The Tempest

I see Shakespeare everywhere in modern life, and  modern life everywhere in Shakespeare. In many ways, that’s the essence of his appeal. As I reread The Tempest, I kept fuzzily thinking, “this reminds me of something,” and then it came into focus: The Wizard of Oz! While the two do not parallel each other as closely as West Side Story does Romeo and Juliet, the similarities are striking. It’s as if the seeds that Shakespeare sowed in The Tempest germinated and sprouted in L. Frank Baum’s mind to give us another flight of fancy that emphasizes similar universalities: The allure of home, the destructive nature of power, and the magic within.

Storms literally and figuratively set both stories in motion. Shakespeare certainly didn’t invent this literary device, but the tempest and tornado are two of the most iconic uses of tumultuous weather as a metaphor for internal and external struggle and angst.

Prospero and Miranda are forbears of the Wizard and Dorothy, involuntarily exiled and yearning for the familiarity and comforts of home. Prospero and the Wizard become reluctant rulers of strange new lands. In some cases out of fear and exigency, not always benevolently.

Prospero and the Wizard both have their “subjects” complete tasks as tests of their dedication and worth, that also serve as artful delay tactics. Prospero has Ferdinand move logs (in Julie Taymor’s beautifully rendered 2010 film featuring Helen Mirren as Prospera, they are boulders). The Wizard asks for the witch’s broom.

In both, supernatural forces lull the vulnerable to sleep in the wild –A forest in The Tempest, a poppy field in The Wizard of Oz — until a benevolent force wakens them and saves them from danger.

In both, the land to which they’ve been temporarily exiled is described as vividly colorful. The contrast between the black and white and the technicolor in The Wizard of Oz makes the colors even brighter. In The Tempest, Prospero paints the picture for us:  “green sea,” “azur’d vault,” “green sour ringlets,” and “pine and cedar.” (V,i,42,42,37, and 48) The blue sea and green island are as much of a character as the vibrant land of Oz.

In The Tempest, Juno, the goddess protector of womankind descends from the heavens like Glenda the Good Witch in her bubble to deliver benedictions to both young women:  “Go with me/To bless this twain, that they may prosperous be,/And honor’d in their issue.” (IV,i,103-5)

And, both Prospero and the Wizard doff their mystical accoutrements, and their magical powers along with them, once they have achieved their goals and know they’re homeward bound. Prospero proclaims: “But this rough magic/I here abjure; and when I have requir’d/Some heavenly music (which even now I do)/To work mine end upon their senses that/This airy charm is for, I’ll break my staff,/Bury it certain fadoms in the earth,/And deeper than did ever plummet sound/I’ll drown my book.” (V,i,50-7)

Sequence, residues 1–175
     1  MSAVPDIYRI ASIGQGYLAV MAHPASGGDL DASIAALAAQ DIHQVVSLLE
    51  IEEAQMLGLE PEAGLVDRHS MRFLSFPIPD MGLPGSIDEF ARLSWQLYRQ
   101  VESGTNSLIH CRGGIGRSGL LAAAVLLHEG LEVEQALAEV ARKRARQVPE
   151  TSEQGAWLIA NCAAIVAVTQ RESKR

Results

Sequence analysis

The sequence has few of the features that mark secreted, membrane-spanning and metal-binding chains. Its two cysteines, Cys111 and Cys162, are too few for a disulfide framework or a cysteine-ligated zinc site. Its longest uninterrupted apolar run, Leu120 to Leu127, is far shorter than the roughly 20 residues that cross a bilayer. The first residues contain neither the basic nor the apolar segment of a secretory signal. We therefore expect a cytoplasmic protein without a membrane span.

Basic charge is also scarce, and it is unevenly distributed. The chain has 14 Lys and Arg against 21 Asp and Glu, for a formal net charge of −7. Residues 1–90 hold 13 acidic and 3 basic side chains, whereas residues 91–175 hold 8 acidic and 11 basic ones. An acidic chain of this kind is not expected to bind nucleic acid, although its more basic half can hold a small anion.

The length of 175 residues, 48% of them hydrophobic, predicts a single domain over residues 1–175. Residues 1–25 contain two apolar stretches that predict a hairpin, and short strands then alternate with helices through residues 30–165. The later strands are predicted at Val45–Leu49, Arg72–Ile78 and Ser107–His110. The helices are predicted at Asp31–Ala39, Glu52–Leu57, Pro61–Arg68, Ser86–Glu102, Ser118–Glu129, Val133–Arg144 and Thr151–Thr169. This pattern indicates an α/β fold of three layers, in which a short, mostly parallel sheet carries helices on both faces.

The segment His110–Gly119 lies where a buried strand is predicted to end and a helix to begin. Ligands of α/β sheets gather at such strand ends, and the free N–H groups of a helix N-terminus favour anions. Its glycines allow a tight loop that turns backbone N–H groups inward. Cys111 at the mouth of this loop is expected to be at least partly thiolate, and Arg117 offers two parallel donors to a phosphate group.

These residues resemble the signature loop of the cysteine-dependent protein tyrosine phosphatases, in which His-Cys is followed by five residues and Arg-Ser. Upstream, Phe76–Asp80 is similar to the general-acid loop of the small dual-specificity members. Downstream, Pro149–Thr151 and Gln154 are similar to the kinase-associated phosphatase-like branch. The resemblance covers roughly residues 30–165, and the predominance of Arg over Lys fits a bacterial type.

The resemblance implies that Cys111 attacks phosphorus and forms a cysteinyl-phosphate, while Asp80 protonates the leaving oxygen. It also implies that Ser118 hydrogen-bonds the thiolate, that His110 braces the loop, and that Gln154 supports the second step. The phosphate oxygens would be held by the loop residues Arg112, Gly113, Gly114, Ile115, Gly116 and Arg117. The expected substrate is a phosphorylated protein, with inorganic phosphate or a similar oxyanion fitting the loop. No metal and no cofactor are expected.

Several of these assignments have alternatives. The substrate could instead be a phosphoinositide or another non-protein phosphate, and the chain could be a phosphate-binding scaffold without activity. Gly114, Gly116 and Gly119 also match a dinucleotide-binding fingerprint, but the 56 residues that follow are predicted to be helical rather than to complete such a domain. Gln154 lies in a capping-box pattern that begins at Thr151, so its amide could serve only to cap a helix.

Yet it’s not only the plot lines that converge at points in these two tales. They both emphasize similar common, age-old themes as well.

Both sets of protagonists are unwilling nomadic pilgrims whose drive to get home drives the plot. Dorothy’s famous “There’s no place like home” mantra could as easily come from Prospero’s lips. This makes them notable departures from the typical road trip literature or movies (eg, On The Road,Kerouac, 1957; Crosby/Hope Road to… movies; Thelma and Louise, Easy Rider), where either the trip is the point, and/or a happy ending does not always await the travelers. Miranda cannot wait to meet the “brave new world” (V,i,182) that has been so long a secret to her.

In both stories, the ruthless quest for power has detrimental fallout. As Lord Acton presciently predicted, “Power tends to corrupt and absolute power corrupts absolutely.” Antonio and the Wicked Witch of the West – so deliciously portrayed in green by Margaret Hamilton – are hellbent on mastering and maintaining their power at any cost. Prospero tells Miranda that, in his brother Antonio, power “Awak’d an evil nature” (I,ii,93). This maleficence evokes a karma which haunts him when his own men plot to kill him,  when he believes his son Ferdinand drowned in the shipwreck, and when the ‘ghost’ of the brother he exiled and believed dead reappears to claim what’s rightfully his. We know the terror that the Wicked Witch of the West wreaks. When she melts, the guards and the flying monkeys rejoice. Ding, dong, the witch is, indeed, dead.

Finally, both tales support and promote the notion that magic is as real as we believe it to be, and that we all have the potential for it within, ready to activate, well… at the click of our heels. Prospero studied to cultivate his art. Gonzalo outfits the small boat that ferries Prospero and Miranda away from home with some food and clothing, and books “From mine own library with volumes that/I prize above my dukedom.” (I,ii,167-8) Caliban, when instructing Trinculo and Stephano on how to ruin Prospero, advises: “Remember/First to possess his books; for without them/He’s but a sot.” (III,ii,91-3) Nowhere does Shakespeare imply that Prospero possessed the craft from birth or in Milan as Duke.  The Wizard may not have gained as much knowledge as Prospero; he just got busted. So he returns to Kansas, still full of hot air, in his balloon. Dorothy needs no such artificial inflation because the adventures and travails of her journey have revealed a wellspring of strength and courage. Glenda only needs to suggest that she dig deep inside to discover her own internal source of power. Oh, and then to click those ruby slippers together.

 

 

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